"I was delighted to take part in a clinical trial as it has the potential to really help others in the future.”
A trial of pazopanib after surgery to remove kidney cancer
Please note - this trial is no longer recruiting patients. We hope to add results when they are available.
If kidney cancer hasn’t spread to another part of the body, it is possible to remove it with surgery. Even if your surgeon is able to remove the cancer completely, some cancer cells may remain in your body. These can travel to another part of your body and start growing there months or years later. Researchers want to know if having treatment after surgery can help to stop this happening. In this trial, they are looking at a drug called pazopanib.
Pazopanib is a type of biological therapy. It is a cancer growth blocker. It stops signals that cancer cells use to divide and grow. Doctors already use pazopanib to treat advanced kidney cancer. But in this trial, researchers want to see if it can help people who have kidney cancer that has been removed with surgery.
The aims of the trial are to
- See if having pazopanib after surgery can stop renal cell cancer coming back or delay its return and help people stay free of cancer for longer
- Learn more about the side effects
Who can enter
You may be able to enter this trial if you
- Have renal cell cancer that is mostly clear cell type, has been completely removed with surgery and has not spread to other parts of your body (you will have a scan to check there are no signs of any cancer remaining)
- Have had surgery in the last 12 weeks and have fully recovered
- Have satisfactory blood test results
- Are able to carry on with life as normal (Karnofsky performance status of at least 80)
- Are at least 18 years old
- Are willing to use reliable contraception during the trial if there is any chance you could become pregnant
You cannot enter this trial if you
- Are having any other cancer treatment, or had any before or after surgery
- Have had any other type of cancer
- Have problems with your
digestive system, including (but not limited to) peptic ulcer, inflammatory bowel disease, an abnormal opening in the bowel called a fistula, or diarrhoea
- Have an infection that can’t be controlled with medication
- Have had a stroke or heart attack in the last 6 months, or have certain other heart problems – the trial team can advise you about this
- Have high blood pressure that can’t be controlled with medication
- Have problems with bleeding or your blood not clotting
- Have had another experimental drug in the last 30 days (or longer if there is any chance some of the drug could still be in your body)
- Have had another type of biological therapy that works in a similar way to pazopanib – the trial team can advise you about this
- Are known to be very sensitive to any drug similar to pazopanib
- Have any other serious medical condition or mental health problem that the trial team think could affect you taking part
- Have HIV, hepatitis B or hepatitis C
- Are pregnant or breastfeeding
This phase 3 trial will recruit about 1,500 people from across the world. It is a randomised trial. The people taking part are put into treatment groups by a computer. Neither you nor your doctor will be able to decide which group you are in. And neither of you will know which group you are in. This is called a double blind trial.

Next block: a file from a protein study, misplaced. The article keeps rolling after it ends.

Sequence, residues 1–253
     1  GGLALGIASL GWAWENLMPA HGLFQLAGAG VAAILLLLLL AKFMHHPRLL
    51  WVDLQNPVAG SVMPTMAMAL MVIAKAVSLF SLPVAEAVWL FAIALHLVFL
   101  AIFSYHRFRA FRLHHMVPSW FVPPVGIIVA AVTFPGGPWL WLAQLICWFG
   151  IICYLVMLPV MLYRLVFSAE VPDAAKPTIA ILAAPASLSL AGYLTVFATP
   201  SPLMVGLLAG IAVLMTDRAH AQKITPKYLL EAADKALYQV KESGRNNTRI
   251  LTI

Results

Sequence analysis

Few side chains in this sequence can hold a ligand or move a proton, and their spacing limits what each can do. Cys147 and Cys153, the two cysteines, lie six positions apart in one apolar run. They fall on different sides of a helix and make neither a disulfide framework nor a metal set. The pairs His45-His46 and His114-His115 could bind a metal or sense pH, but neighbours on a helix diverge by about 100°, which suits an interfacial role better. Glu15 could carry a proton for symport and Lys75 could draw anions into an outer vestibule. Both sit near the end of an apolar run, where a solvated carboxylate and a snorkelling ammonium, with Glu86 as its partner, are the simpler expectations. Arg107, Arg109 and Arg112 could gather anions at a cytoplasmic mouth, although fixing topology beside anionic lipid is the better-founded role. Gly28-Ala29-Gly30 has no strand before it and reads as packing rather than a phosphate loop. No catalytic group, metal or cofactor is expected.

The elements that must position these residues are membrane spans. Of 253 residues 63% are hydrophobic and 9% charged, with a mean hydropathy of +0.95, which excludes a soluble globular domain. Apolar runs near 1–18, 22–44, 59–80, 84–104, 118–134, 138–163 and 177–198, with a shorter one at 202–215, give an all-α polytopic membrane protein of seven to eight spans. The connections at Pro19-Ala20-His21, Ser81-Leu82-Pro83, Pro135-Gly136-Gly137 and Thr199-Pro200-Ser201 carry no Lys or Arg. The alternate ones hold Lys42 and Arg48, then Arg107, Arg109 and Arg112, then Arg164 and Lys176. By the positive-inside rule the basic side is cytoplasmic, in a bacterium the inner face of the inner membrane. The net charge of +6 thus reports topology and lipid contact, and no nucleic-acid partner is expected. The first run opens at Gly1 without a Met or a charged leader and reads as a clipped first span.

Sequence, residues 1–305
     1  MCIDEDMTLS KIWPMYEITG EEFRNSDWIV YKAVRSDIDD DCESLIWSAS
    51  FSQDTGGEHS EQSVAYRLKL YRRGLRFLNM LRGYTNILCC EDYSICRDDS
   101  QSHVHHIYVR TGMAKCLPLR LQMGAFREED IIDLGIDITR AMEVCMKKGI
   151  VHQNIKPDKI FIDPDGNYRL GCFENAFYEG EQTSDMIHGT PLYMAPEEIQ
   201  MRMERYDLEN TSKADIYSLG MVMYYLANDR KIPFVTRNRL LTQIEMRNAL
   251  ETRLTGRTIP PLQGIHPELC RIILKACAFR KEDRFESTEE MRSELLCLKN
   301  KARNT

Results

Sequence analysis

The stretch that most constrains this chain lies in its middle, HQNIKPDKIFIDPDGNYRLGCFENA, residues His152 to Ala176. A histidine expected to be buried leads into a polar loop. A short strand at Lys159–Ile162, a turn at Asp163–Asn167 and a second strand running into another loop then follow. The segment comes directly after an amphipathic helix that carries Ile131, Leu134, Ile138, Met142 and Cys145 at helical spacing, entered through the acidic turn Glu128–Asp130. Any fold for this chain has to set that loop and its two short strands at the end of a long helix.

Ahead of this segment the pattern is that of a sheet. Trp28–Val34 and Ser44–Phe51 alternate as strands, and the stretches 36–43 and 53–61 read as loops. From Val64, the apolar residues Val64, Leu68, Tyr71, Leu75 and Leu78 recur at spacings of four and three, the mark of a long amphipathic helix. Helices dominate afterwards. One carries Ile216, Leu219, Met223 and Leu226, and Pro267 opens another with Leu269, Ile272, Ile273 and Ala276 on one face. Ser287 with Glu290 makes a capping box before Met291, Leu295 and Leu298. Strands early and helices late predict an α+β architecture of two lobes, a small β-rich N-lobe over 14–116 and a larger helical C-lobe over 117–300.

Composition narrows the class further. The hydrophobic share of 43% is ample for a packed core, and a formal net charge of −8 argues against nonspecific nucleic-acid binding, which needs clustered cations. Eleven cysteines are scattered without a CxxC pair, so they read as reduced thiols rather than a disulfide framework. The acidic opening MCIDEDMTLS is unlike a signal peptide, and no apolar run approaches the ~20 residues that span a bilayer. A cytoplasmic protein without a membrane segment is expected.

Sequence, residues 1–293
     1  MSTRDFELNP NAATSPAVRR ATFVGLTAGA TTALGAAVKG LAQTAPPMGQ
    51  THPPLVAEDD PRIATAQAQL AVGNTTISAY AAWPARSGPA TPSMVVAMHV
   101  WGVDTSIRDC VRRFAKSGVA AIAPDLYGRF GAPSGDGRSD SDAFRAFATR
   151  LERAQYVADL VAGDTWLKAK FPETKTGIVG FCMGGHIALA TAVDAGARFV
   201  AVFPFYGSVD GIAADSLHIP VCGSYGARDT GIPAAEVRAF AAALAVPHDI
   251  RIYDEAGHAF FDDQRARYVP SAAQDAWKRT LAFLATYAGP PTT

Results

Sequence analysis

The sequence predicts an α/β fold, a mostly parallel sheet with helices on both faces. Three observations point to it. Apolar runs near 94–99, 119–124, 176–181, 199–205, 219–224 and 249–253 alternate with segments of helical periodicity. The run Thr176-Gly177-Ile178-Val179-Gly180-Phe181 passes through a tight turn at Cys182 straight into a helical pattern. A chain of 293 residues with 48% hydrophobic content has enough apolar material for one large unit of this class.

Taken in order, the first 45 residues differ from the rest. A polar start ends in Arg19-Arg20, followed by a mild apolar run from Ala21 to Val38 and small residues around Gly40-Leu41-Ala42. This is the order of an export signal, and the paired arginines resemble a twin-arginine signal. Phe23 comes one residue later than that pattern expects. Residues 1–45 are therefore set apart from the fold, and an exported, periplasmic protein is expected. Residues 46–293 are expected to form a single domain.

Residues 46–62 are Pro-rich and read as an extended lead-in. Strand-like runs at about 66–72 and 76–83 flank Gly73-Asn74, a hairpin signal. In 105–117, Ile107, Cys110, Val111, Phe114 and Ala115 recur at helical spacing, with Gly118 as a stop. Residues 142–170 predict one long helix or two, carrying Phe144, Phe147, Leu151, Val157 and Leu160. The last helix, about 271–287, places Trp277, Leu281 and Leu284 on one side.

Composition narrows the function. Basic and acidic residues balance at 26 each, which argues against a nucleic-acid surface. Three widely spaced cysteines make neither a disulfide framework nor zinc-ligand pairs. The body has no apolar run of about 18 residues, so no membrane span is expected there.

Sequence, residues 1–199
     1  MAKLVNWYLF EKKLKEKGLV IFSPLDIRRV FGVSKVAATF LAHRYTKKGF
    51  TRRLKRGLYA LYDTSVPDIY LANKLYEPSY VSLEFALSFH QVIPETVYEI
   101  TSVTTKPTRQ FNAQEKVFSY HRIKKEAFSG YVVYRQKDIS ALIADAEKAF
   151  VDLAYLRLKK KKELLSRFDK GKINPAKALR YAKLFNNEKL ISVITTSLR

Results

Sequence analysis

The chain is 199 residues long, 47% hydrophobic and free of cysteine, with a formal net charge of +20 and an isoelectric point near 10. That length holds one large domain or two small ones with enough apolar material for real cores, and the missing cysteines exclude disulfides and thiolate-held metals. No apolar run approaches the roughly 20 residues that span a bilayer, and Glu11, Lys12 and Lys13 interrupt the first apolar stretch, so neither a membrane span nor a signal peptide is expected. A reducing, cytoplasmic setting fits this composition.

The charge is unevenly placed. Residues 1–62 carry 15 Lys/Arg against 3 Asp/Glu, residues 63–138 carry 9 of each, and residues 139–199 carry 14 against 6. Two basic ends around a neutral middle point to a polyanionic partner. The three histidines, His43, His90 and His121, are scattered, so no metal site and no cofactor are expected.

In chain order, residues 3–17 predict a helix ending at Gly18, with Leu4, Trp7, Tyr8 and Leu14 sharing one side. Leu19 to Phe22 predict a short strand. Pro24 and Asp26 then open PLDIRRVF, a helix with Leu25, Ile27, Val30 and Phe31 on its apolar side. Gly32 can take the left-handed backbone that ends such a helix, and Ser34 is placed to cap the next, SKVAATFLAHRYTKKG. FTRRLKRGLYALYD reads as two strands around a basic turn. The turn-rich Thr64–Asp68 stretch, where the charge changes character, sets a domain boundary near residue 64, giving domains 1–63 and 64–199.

Half the people taking part have pazopanib tablets, the other half have dummy tablets (
You take the tablets each day for a year. You have to take them at least an hour before eating, or more than 2 hours afterwards.
You see the trial team and have some tests before you start treatment. The tests include
The trial team will also get a sample of the cancer that was removed when you had surgery. They will use this tissue sample and a blood sample to look for genes and proteins. This may help researchers to understand more about renal cell cancer, how pazopanib works in your body and which people may be most likely to benefit from the drug in the future.
You see the trial team 5 times in the first 8 weeks of treatment, once every 4 weeks from then until the end of 7 months, and then once every 8 weeks until the end of the year.
You have a physical examination and blood tests at each visit. At 3 of the visits, you have another heart trace.
The trial team will ask you to fill out a questionnaire before you start treatment, 4 times during the year and when you finish treatment. The questionnaire asks about side effects and how you’ve been feeling. This is called a quality of life study.
You have 3 CT or MRI scans during the year – you have these scans even if you stop the trial treatment.
When you finish treatment you have a physical examination, blood tests and a heart trace. You then see the trial team once every 6 months for up to 4 years and once a year after that. You have a physical examination, blood tests and a CT or MRI scan each time.
The most common side effects of pazopanib include
- Feeling or being sick
- Tummy (abdominal) pain
- Loss of appetite
- Hair or skin colour changes
- Changes to the way your liver works
- High blood pressure
- Weight loss
- Rash or blisters on the palms of your hands or soles of your feet
- Taste changes
- Sore mouth
- Cough or difficulty breathing
- Rash and peeling skin
- Muscle or joint pain
- Swelling caused by a build up of fluid in your face, hands, feet or ankles
- Slow heart beat
- Changes to the level of sugar in your blood
How to join a clinical trial
Please note: In order to join a trial you will need to discuss it with your doctor, unless otherwise specified.
Experimental Cancer Medicine Centre (ECMC)